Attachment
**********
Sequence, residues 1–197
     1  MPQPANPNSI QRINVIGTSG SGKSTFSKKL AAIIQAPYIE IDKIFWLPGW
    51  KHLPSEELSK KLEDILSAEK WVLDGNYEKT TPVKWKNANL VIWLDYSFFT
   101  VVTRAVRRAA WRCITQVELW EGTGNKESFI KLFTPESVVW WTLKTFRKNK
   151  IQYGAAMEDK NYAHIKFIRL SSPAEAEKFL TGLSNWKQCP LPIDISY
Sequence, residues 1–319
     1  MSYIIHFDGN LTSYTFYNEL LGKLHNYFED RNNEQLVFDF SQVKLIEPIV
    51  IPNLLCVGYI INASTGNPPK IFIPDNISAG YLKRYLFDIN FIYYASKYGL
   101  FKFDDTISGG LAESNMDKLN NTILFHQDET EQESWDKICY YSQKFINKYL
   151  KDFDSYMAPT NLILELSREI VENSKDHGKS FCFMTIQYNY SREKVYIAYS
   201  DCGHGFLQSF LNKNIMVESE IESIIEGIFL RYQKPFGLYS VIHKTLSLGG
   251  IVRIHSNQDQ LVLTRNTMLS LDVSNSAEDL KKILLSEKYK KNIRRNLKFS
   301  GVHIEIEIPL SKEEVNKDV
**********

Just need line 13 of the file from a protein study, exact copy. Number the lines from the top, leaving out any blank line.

   301  GVHIEIEIPL SKEEVNKDV